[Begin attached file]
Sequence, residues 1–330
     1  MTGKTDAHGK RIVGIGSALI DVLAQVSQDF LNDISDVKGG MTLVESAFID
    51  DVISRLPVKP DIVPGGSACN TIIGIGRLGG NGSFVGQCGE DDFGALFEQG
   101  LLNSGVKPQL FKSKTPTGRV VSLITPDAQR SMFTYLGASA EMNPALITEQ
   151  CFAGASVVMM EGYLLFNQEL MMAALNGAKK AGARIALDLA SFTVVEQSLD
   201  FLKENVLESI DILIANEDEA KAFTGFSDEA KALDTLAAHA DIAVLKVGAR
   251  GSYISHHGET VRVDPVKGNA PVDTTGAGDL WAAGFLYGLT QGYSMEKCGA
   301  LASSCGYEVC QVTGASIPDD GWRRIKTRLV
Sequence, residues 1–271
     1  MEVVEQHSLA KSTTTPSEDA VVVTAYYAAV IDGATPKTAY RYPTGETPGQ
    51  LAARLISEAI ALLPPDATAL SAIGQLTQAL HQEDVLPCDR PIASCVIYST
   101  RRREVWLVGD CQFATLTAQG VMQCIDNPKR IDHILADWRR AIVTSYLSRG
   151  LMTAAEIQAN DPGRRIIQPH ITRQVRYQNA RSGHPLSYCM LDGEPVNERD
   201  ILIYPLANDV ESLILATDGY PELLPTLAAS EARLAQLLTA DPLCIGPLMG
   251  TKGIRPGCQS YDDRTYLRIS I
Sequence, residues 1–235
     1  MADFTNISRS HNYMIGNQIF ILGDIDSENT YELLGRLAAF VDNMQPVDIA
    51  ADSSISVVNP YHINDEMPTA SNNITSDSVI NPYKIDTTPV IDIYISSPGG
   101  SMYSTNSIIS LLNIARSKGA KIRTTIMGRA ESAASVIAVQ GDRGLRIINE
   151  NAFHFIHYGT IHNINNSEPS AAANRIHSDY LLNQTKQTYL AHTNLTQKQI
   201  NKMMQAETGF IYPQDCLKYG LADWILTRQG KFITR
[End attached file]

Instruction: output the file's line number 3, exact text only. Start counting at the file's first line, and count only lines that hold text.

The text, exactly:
    51  DVISRLPVKP DIVPGGSACN TIIGIGRLGG NGSFVGQCGE DDFGALFEQG